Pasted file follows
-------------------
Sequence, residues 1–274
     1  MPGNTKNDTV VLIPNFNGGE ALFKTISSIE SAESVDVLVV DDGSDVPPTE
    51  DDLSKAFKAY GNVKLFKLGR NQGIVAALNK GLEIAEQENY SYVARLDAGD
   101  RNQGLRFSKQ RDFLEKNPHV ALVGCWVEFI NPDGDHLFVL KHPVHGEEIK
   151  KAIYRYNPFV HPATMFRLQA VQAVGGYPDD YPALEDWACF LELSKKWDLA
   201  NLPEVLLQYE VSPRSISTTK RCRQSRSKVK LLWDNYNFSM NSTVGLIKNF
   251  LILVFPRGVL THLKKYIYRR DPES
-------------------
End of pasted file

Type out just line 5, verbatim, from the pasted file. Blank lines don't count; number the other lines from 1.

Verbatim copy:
   151  KAIYRYNPFV HPATMFRLQA VQAVGGYPDD YPALEDWACF LELSKKWDLA